Tabari has asked for the wisdom of the Perl Monks concerning the following question:

Hello Monks

In an attempt at code clean up which was long overdue, I wanted to separate data form logic in my module and therefore tried to apply the <DATA> filehandle in the BEGIN section, putting the data neatly at the end of the file.
To no avail , however, although the same code worked well in a normal subroutine . I finally reverted to a here document instead.
This begs the folowing questions, in order of ascending vagueness :

1/ Is the DATA handle not initialized in BEGIN?
2/ Can I force such an initialization somehow, be it via another package?
3/ Is there a cleaner way for all this?

Tabari

Comment on __DATA__ used in BEGIN
Re: __DATA__ used in BEGIN
by moritz (Cardinal) on Nov 06, 2007 at 11:27 UTC
    You can't use <DATA> in a BEGIN block because that BEGIN block is executed at compile time, i.e. before the rest of the file is even parsed.

    If you don't need BEGIN time, you could try to stuff your routine that works with the data into a CHECK or INIT block.

    But it's hard to give an advise without knowing why you need which data at compile time.

      Some further context seems indeed to be appropriate.
      In our version control system, we have rules to associate the names of some objects with a specific location in a directory structure.
      We made a perl wrapping around our VC system to automate this logic and to avoid the creation of too many categories. At that time, we were already faced with a history of objects which did not fit the pattern.
      For these objects , hashes were created, as a kind of exception to the rule and these were initialized at the loading the module.
      Alas, as so often happens, exceptions proliferated, so this list became rather long, which lead to my question above.
      To be short, a (huge) hash has to be initialised at run time.
      Tabari

        Why can you not just:

        my %hugeHash = eval do {local $/; <DATA>}; ... __DATA__ exception1 => 'wibble', ...

        to load your hash from the data section? You could make it a whole lot more robust, but if you want quick and dirty that gets you going.


        Perl is environmentally friendly - it saves trees
        For these objects , hashes were created, as a kind of exception to the rule and these were initialized at the loading the module.

        ...

        To be short, a (huge) hash has to be initialised at run time.

        This is still confusing. Are you sure you need to do this in a BEGIN block? If you really need to initialize this hash "at runtime" as you say, then you can do it in normal code. (And if you can do it in normal code, I would suggest calling a sub that returns the hash, rather than using __DATA__.)

        Also unclear is whether this initialization is happening in a script or in a module. If it's a module and you just need the hash to be created when the module is used, then again a BEGIN block is not necessary. If, on the other hand, it's in a script and you need the hash to be created before any modules are loaded, then BEGIN is necessary.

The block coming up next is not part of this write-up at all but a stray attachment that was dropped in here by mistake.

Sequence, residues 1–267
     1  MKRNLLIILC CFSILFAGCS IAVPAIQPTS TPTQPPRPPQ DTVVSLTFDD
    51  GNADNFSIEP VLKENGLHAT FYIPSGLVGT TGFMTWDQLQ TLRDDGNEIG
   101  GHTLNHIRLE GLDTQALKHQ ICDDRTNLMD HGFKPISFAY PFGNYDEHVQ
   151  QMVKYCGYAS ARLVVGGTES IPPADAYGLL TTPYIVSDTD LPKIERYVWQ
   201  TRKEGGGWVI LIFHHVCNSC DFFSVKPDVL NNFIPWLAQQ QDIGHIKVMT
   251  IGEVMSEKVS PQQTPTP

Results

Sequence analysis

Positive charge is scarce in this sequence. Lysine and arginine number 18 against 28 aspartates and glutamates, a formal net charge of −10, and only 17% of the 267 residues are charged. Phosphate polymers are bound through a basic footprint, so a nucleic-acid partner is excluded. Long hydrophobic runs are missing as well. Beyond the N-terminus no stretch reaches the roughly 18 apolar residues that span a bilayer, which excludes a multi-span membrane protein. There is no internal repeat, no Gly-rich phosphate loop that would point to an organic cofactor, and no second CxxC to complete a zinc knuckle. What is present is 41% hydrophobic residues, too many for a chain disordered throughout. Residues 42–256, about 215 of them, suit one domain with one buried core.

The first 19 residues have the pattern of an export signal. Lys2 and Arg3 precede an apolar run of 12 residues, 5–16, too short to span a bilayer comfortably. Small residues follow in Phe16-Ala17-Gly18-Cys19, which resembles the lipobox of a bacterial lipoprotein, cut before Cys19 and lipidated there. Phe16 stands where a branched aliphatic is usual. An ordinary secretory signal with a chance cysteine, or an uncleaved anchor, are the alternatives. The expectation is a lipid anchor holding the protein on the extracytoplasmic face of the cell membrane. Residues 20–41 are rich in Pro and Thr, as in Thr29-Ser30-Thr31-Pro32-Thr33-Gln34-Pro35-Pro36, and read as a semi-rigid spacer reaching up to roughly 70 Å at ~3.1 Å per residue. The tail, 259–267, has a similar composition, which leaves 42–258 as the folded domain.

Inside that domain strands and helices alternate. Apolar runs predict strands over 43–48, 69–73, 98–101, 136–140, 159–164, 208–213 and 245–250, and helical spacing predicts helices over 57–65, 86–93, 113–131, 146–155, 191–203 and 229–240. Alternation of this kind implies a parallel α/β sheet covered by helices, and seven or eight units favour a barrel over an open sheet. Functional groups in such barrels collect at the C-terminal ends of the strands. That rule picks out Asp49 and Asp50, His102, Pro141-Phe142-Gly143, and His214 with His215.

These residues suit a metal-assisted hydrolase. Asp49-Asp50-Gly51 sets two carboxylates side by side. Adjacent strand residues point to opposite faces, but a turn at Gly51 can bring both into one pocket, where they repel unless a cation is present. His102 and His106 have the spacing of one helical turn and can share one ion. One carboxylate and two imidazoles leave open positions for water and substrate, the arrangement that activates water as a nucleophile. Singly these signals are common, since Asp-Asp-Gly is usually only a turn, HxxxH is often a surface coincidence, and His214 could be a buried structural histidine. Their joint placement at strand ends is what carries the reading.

It would help to see some actual code here.

Re: __DATA__ used in BEGIN
by shmem (Canon) on Nov 06, 2007 at 12:08 UTC
    As moritz pointed out, BEGIN blocks are executed at compile time, so the rest of the file is not known at that time. So, no __DATA__ token has been seen yet, and its filehandle can't be opened.

    If you absolutely need __DATA__ in a BEGIN block, you have to roll your own __DATA__ handling (opening and positioning, i.e. skipping all until the __DATA__ token):

    package Foo::Bar::Quux; print "now in runtime...\n"; BEGIN { (my $package = __PACKAGE__) =~ s!::!/!g; my $file = $INC{$package.'.pm'}; open DATA , '<', $file or die "Can't open '$file': $!\n"; my $data = 0; while (<DATA>) { /^__DATA__$/ and $data = 1 and next; next unless $data; print "DATA: $_"; }; } 1; __DATA__ foo bar quux now in runtime... now in main
    qwurx [shmem] ~ > perl -e 'print "now in main\n"; use Foo::Bar::Quux' DATA: foo DATA: bar DATA: quux now in runtime...

    That's for a module. In a script, you would open $0.

    --shmem

    _($_=" "x(1<<5)."?\n".q·/)Oo.  G°\        /
                                  /\_¯/(q    /
    ----------------------------  \__(m.====·.(_("always off the crowd"))."·
    ");sub _{s./.($e="'Itrs `mnsgdq Gdbj O`qkdq")=~y/"-y/#-z/;$e.e && print}
      Using a heredoc would have the same effect with less magic, although the code layout would be different.
      print "now in runtime...\n"; BEGIN { open my $fh , '<', \<<'__EOI__' or die; foo bar quux now in runtime... now in main __EOI__ while (<$fh>) { print "DATA: $_"; } } ...
Re: __DATA__ used in BEGIN
by KurtSchwind (Hermit) on Nov 06, 2007 at 13:18 UTC
    Like others have said, you can't ref the DATA block in the BEGIN section. And a HEREDOC isn't a bad solution, but if you'd like to better seperate the logic from the code and have it in your BEGIN section, you could use a do to a seperate file that has the HEREDOC in it. This might lead to a bit of a cleaner design.
    --
    I used to drive a Heisenbergmobile, but everyone I looked at the speedometer, I got lost.